// Test regular string.
	    for (int i = 0; i < m; i++)
	    {
		for (int a = 0; a < m; a++)
		{
		    if (s1 == "cat and rabbit")
		    {
			d++; // false
		    }
		    if (s1 == "cat and dog")
		    {
			d--; // true
		    }
		}
	    }
	    long t2 = Environment.TickCount;

	    // 6.
	    // Test interned string.
	    for (int i = 0; i < m; i++)
	    {
		for (int a = 0; a < m; a++)
		{
		    if (s2 == "cat and rabbit")
		    {
			d++; // false
		    }
		    if (s2 == "cat and dog")
		    {
			d--; // true
		    }
		}
	    }
	    // 7.
	    // Write results.
	    long t3 = Environment.TickCount;
	    Console.Write((t2 - t1));
	    Console.WriteLine("," + (t3 - t2));
	}
	Console.ReadLine();
    }
}

Next, the tests were repeated 10 times and averaged. You can see benchmark results at the top. The string.Intern version is much faster when the strings being compared happen to be equal. When they are not, the performance is the same.

Intern method performance test results

No string.Intern:   1540 ms
With string.Intern:  736 ms [faster]

Discussion. The string.Intern method only speeds things up when two strings are equal. This only happens when an interned string is compared with another. Use string.Intern when the following characteristics are true.

More tips. Use string.Intern at startup. Usually using string.Intern is best at the start of your program. Use Intern when literals are compared. Use string.Intern only when two strings in the pool are compared.

Tip: Consider it when two Interned strings are compared, or one Interned string is compared with a literal.

Warning: Never use string.Intern without benchmarking unless you are experienced with it.

Benchmark

Also: Do not use it when you have fewer than tens of thousands of matches. Do not use it if the string comparisons will rarely be true.

IsInterned. With the string.IsInterned method, you can test whether a string is present in the internal table, without adding it if it is not. To begin, the string.IsInterned method receives a string reference and returns a string reference.

Info: If the internal string is found, that reference is returned. If no internal string is present, a null reference is returned.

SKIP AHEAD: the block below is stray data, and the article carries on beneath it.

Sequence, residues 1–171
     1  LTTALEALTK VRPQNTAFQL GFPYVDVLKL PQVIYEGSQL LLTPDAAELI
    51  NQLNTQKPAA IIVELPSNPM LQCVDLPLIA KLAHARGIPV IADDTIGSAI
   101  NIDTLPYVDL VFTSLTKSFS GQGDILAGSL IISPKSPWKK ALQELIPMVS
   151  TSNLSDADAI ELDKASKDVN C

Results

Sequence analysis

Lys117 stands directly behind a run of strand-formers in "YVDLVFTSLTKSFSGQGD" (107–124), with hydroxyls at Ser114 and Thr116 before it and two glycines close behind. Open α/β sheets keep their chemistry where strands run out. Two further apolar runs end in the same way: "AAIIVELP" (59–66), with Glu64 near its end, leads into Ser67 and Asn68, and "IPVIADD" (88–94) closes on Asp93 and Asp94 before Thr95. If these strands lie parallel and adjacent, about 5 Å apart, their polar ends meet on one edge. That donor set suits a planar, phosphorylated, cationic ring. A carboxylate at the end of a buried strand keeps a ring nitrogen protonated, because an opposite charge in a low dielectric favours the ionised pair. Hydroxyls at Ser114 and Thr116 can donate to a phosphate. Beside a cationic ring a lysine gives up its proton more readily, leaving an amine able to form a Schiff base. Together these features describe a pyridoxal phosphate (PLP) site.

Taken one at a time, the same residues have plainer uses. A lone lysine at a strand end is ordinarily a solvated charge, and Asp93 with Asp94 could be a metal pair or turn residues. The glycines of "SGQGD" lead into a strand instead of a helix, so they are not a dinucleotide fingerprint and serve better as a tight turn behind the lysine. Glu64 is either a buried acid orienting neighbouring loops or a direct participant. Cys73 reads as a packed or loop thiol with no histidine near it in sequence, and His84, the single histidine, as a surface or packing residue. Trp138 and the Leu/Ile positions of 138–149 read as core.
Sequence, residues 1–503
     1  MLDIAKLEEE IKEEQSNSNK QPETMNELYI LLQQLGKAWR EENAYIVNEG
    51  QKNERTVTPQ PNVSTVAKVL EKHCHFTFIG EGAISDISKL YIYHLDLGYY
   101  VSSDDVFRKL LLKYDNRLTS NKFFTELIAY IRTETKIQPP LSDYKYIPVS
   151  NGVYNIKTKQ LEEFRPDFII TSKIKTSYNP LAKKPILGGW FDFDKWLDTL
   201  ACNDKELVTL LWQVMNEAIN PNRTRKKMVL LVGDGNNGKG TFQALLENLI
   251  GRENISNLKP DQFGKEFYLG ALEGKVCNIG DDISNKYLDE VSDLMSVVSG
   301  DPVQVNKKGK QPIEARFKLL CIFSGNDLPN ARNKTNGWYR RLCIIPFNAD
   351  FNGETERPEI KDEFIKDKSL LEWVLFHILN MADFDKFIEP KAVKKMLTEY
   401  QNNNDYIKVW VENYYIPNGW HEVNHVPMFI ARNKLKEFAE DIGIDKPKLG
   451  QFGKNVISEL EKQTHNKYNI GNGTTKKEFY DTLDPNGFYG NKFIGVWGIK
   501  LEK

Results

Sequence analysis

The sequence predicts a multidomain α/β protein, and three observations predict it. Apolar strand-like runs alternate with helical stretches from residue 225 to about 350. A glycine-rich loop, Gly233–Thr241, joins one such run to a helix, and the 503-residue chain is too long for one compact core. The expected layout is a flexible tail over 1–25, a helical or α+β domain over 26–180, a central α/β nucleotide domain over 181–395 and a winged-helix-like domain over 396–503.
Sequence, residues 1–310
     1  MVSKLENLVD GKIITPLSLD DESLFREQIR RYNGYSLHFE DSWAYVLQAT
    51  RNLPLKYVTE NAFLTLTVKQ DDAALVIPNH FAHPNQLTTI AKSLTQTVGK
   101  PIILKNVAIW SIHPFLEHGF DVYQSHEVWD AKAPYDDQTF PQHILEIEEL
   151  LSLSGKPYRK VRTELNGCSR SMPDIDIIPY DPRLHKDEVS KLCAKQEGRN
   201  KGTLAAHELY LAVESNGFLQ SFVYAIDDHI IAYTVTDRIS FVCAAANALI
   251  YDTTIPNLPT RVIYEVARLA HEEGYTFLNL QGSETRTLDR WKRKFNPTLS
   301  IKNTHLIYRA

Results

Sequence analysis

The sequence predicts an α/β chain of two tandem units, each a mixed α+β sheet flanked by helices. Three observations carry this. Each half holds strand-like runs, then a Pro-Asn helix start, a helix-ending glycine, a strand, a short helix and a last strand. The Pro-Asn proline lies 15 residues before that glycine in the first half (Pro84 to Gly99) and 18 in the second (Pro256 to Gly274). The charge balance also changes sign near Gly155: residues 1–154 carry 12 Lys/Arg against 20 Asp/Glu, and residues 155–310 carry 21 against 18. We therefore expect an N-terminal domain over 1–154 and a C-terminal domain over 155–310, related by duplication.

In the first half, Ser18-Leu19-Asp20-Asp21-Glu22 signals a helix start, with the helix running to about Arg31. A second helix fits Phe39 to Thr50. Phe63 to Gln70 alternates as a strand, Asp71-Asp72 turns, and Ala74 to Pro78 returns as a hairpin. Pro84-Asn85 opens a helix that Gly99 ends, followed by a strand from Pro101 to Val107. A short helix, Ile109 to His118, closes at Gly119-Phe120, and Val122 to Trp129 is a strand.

Null

In the first part of this example, a string literal is tested. This reveals that string literals are always present in the intern table. On the other hand, a dynamically constructed string is not present in the intern table.

Note: IsInterned will return null in this case. It will not add the string to the intern table.

C# program that uses IsInterned method

using System;

class Program
{
    static void Main()
    {
	// See if a string literal is interned.
	string value1 = "cat";
	string value2 = string.IsInterned(value1);
	Console.WriteLine(value2);

	// See if a dynamically constructed string is interned.
	string value3 = "cat" + 1.ToString();
	string value4 = string.IsInterned(value3);
	Console.WriteLine(value4 == null);
    }
}

Output

cat
True

Usage. In most programs, you do not need to use the string.Intern or string.IsInterned methods. But if you have a program that uses the intern table in other places, you might want to use the string.IsInterned method.

Also, it could be used on string data that is possibly in the intern table, but that is not important enough to add if it is not already present. So IsInterned returns references to already existing data, but does not add anything.

In some programs: The string.IsInterned method can be used to reduce memory usage for string data.

Summary. String.Intern and IsInterned act on the string intern pool. Intern can make string comparisons four or more times faster. Only use it in specific situations. Always benchmark when using it. The string pool is an important optimization.